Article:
Cancer Connection Found With Red Meat, Processed Meats

Red meat and processed meats have been linked to several types of cancers, including lung cancer and colorectal cancer, according to a report issued yesterday by US researchers.

A study of half a million men and women found that those who ate the most red meat exhibited an increased risk of developing <"">diseases like colorectal, liver, lung, and esophageal cancer compared with those who ate the least red and processed meats. The authors say their results demonstrate that one in ten colorectal and one in ten lung cancers could be avoided if people ate less red and processed meat and are now conducting a review of literature investigating the association between meat intake and cancer risk.

The work is the first large study to show a link between meat and lung cancer and also indicates that people who eat a lot of meat have a higher risk of liver and esophageal cancer and that men raise their risk of pancreatic cancer by eating red meat. The researchers studied 500,000 healthy people aged 50 to 71—during 1995 and 1996—who took part in a diet and health study conducted in conjunction with the AARP, formerly the American Association for Retired Persons. Study participants were divided into groups according to their consumption of red and processed meat. Those in the highest category ate about 3.5oz (100g) a day, while those in the lowest group ate approximately 1.1oz (32g) of red meat per day.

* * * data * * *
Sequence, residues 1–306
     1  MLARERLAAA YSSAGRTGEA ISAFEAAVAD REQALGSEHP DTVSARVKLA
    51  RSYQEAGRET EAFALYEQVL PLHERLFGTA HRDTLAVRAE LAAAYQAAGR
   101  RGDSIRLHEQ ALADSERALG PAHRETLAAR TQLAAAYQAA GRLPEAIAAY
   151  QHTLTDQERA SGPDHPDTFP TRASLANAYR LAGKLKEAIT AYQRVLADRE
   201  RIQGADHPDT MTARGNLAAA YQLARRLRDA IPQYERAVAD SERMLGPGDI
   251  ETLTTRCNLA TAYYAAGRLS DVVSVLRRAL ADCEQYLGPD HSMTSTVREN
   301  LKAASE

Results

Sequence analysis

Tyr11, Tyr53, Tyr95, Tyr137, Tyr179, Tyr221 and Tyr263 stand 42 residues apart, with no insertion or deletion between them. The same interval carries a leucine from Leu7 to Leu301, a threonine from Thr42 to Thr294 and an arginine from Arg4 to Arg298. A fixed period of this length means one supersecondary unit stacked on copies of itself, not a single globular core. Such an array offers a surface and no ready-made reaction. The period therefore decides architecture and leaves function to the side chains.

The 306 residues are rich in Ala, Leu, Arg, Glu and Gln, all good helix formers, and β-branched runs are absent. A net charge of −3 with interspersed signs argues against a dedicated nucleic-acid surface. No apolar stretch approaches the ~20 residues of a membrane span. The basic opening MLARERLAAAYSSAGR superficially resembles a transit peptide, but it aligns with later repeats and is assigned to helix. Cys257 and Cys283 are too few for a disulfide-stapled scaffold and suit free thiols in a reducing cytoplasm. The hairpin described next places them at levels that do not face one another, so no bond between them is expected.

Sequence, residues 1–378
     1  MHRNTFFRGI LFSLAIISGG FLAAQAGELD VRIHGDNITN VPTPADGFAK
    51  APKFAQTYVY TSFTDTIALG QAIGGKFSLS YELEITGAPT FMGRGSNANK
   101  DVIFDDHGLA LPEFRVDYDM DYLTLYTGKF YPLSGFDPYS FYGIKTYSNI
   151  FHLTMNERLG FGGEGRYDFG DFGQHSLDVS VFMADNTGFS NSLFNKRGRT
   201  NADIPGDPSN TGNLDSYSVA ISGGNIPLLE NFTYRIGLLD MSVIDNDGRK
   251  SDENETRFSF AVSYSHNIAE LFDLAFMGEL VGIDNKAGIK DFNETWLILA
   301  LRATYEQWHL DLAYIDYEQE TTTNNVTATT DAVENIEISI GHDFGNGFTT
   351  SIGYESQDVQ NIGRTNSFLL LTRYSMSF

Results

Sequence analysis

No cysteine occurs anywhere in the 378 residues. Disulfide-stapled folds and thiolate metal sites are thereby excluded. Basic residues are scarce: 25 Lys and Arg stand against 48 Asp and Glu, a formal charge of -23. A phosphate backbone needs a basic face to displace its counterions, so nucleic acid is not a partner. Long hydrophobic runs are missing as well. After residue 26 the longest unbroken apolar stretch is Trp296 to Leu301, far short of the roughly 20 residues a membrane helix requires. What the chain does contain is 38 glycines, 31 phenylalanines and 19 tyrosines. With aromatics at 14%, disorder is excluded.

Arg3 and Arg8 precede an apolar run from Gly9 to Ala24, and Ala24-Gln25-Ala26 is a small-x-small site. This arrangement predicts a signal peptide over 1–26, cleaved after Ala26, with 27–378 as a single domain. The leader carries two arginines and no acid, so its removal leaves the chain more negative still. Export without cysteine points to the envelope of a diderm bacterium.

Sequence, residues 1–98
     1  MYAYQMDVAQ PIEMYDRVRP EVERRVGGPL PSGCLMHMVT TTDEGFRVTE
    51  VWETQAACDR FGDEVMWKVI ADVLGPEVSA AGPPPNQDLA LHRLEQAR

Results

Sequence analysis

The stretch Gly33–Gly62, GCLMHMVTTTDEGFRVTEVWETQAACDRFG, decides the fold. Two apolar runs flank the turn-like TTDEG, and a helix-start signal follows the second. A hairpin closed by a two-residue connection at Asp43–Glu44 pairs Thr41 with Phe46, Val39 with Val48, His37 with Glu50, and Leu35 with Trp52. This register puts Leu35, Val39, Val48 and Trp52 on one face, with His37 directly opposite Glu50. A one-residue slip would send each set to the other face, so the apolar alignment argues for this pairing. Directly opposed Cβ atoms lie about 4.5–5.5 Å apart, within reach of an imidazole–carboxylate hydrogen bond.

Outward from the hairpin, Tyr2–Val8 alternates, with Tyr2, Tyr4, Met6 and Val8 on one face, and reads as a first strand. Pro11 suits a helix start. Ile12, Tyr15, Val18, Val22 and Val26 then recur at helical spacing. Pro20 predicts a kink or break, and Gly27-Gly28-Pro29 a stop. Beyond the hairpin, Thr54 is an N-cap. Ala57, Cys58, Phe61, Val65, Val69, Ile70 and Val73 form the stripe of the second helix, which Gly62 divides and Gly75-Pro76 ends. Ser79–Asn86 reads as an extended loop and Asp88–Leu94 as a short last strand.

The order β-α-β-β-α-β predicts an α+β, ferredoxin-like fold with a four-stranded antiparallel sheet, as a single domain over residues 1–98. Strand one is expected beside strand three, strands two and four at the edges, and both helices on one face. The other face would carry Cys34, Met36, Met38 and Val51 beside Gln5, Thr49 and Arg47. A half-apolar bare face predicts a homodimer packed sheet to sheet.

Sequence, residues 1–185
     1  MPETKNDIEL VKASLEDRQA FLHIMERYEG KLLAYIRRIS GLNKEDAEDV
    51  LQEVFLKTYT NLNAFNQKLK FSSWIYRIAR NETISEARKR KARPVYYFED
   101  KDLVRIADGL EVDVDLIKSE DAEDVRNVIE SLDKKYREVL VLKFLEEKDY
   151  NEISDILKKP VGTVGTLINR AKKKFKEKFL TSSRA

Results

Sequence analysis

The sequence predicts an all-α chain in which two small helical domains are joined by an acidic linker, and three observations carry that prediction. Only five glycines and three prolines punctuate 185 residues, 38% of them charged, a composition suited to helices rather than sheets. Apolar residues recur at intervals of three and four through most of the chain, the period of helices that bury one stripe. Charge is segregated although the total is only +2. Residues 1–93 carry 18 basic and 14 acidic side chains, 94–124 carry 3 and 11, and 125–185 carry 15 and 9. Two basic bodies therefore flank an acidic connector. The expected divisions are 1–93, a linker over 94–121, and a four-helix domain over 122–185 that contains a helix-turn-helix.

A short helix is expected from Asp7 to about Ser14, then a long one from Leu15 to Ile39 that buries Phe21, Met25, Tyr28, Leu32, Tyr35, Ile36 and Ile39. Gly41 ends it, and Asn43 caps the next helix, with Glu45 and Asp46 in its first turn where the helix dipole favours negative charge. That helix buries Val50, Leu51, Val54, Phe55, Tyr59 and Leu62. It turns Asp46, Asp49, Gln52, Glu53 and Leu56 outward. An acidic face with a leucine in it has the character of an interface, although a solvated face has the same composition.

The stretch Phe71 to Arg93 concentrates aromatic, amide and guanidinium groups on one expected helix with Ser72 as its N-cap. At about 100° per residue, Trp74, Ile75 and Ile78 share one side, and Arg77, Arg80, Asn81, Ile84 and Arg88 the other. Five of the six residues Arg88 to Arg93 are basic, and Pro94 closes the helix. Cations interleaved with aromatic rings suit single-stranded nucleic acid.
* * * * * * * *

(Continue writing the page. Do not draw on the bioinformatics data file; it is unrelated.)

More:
After eight years, 53,396 cases of cancer were diagnosed. The report revealed that statistically significant elevated risks—ranging in numbers from 20 percent to 60 percent—were evident for esophageal, colorectal, liver, and lung cancer, comparing individuals in the highest with those in the lowest quintile of red meat intake. The people in the top 20 percent of those eating processed meat had a 20 percent higher risk of colorectal cancers—mostly rectal cancer—and a 16 percent higher risk for lung cancer. The researchers add that red meat intake was linked with an elevated risk for cancers of the esophagus and liver.

By decreasing the consumption of red and processed meat one could reduce the incidence of cancer at multiple sites according to researchers at the US National Cancer Institute whose report was published in the Public Library of Science journal PLoS Medicine.

The report indicated that consuming meat could trigger cancer through the production of higher levels of reactive chemicals, known as free radicals, in the body and that both red meat and processed meat are sources of saturated fat and iron, which have independently been associated with carcinogenesis, or causing cancer.

Last month, experts from the World Cancer Researcher Fund said that the average person should eat no more than 17.5oz (500g) of red meat per week to reduce their risk of developing bowel cancer.

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